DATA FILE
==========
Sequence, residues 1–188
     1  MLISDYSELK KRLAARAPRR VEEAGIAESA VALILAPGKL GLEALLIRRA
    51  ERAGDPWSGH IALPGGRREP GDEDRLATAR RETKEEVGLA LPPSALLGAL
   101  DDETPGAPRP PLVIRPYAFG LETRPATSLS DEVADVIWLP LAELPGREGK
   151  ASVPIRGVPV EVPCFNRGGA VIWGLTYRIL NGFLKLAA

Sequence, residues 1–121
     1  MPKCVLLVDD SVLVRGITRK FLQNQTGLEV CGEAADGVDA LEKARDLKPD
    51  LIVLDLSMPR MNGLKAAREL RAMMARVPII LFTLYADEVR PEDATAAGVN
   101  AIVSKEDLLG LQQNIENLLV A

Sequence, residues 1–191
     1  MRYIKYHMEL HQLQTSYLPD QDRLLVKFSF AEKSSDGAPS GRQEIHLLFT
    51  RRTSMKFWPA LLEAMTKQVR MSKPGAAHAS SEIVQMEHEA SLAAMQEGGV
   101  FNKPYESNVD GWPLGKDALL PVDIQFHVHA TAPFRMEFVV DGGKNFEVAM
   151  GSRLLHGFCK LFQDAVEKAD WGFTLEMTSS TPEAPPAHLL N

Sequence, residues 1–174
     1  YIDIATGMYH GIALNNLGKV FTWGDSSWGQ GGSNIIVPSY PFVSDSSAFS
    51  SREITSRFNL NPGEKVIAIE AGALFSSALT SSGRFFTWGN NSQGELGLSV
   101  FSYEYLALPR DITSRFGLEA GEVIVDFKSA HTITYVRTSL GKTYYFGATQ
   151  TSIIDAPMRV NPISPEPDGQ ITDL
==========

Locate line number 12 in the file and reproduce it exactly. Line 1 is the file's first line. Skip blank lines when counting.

    51  RRTSMKFWPA LLEAMTKQVR MSKPGAAHAS SEIVQMEHEA SLAAMQEGGV